De-gassing gas masks with hydrogen peroxide


Those involved in the clear-up of chemical weapons are kept safe by protective clothing such as gas masks. But how do you de-contaminate a gas mask and safely dispose of it when it is a chemical hazard?

The air filters found in protective equipment, which are made of porous materials such as activated carbon that capture harmful substances, can be incinerated. But often the combustion products of chemical warfare agents are also toxic, and can go on to cause environmental damage and future health hazards.

Now, researchers at the Israel Institute for Biological Research have come up with a safer way to clean filters contaminated with three chemical weapons: sarin, VX and sulfur mustard. Simply treating contaminated activated carbon with hydrogen peroxide, a cheap oxidising agent that is easy to get hold of, breaks the adsorbed weapons down into non-toxic products. The team found hydrogen peroxide decomposes more than 95% of the contaminants they tested, and can take as little as one hour when a 20% solution is used. As it is simple, versatile and works quickly at ambient temperature, the team say their approach could be ideal for use on clean-up operations in remote areas.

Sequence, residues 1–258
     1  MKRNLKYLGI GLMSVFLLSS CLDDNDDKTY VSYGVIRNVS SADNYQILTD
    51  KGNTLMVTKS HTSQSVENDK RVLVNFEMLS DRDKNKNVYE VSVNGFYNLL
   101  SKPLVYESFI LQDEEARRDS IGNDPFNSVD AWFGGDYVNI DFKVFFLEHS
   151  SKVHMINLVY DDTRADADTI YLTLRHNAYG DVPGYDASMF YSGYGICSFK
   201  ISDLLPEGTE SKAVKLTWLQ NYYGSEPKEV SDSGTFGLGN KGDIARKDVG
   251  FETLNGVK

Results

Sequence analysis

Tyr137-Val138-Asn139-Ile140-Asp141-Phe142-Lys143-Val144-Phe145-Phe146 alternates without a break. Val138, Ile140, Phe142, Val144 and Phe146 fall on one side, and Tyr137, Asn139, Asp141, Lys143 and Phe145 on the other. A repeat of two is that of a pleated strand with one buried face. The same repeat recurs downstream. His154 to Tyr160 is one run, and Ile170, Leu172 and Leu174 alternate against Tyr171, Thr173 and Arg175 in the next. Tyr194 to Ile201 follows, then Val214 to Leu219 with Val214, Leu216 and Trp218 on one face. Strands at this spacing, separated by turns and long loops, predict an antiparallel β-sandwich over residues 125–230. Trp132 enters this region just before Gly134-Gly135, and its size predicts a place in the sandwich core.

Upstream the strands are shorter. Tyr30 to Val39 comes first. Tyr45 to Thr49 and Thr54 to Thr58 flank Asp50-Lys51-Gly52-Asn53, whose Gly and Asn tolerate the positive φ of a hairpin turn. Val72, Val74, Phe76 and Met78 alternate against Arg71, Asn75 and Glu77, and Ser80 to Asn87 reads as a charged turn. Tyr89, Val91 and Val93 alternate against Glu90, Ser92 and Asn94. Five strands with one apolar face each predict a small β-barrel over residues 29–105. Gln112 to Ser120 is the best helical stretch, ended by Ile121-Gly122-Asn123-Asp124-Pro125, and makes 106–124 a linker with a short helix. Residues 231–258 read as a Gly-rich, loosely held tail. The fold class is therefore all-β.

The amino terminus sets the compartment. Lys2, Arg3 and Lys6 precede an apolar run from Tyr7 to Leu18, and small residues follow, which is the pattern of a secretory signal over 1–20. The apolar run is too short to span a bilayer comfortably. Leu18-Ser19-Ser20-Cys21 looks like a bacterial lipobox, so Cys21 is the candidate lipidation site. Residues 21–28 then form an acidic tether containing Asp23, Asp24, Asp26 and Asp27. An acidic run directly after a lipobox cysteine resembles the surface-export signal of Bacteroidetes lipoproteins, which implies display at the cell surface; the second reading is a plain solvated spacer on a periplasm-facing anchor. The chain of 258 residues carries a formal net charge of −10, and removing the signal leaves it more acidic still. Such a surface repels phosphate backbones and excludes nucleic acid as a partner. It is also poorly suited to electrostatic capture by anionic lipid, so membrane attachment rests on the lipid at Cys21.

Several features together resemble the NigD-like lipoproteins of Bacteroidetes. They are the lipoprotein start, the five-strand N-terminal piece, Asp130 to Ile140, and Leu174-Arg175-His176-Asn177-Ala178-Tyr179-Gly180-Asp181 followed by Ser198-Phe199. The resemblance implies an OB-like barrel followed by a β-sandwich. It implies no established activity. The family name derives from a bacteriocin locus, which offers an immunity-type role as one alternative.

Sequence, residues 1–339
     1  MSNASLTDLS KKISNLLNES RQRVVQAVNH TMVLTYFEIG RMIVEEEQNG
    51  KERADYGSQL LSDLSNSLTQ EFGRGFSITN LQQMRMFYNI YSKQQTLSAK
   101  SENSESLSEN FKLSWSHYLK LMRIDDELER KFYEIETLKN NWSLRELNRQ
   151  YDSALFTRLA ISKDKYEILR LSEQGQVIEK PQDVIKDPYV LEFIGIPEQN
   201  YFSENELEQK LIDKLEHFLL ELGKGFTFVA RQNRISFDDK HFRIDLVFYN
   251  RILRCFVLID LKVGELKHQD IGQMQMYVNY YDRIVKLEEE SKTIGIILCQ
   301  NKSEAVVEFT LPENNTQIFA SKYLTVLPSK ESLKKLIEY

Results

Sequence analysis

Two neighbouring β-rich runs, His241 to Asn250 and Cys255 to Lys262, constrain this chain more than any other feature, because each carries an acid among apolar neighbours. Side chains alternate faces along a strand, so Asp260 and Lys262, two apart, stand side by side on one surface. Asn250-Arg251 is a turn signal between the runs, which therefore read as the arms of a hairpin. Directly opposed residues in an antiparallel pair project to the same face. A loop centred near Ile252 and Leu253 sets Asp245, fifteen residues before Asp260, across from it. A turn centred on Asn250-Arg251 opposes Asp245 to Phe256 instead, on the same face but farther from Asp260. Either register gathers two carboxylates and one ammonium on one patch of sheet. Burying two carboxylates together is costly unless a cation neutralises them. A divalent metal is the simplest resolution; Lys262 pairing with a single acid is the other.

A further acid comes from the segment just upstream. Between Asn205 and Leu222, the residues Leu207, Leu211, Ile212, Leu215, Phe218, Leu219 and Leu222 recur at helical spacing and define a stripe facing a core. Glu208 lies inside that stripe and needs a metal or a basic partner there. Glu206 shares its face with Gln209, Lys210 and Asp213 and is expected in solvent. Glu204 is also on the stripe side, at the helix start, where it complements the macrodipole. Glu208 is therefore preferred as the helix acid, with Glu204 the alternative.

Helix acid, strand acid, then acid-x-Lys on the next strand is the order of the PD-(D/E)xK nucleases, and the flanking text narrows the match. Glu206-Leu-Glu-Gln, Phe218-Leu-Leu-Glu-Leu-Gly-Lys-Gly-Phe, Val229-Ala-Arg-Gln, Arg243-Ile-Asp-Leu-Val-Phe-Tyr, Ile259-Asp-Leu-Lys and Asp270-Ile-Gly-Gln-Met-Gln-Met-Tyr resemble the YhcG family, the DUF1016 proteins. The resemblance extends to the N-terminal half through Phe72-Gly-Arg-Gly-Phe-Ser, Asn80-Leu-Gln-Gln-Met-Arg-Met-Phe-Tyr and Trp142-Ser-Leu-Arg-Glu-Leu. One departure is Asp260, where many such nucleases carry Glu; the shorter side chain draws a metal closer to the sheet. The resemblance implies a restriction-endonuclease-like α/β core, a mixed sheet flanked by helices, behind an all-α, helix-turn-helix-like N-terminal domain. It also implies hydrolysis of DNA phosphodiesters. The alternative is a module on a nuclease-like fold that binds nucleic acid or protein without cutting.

References

R Osovsky et al, Environ. Sci. Technol., 2014, DOI: 10.1021/es502981y


Related Content

Eliminating Syria's chemical weapons

21 May 2014 Feature

news image

Nina Notman reports on the international efforts to destroy Syria’s stockpiles of chemical agents

A farewell to chemical arms

18 January 2016 Critical Point

news image

As chemical weapons stockpiles dwindle, international efforts must guard against renewed arsenals, says Mark Peplow

Most Commented

Electric choc treatment promises lower fat chocolate

22 June 2016 Research

news image

Problem of reduced fat chocolate gumming up factories’ pipelines overcome

Behind closed doors: How to win the Nobel prize

7 October 2015 Comments

news image

Bengt Norden addresses the myths and rumours surrounding the world's most prestigious science prize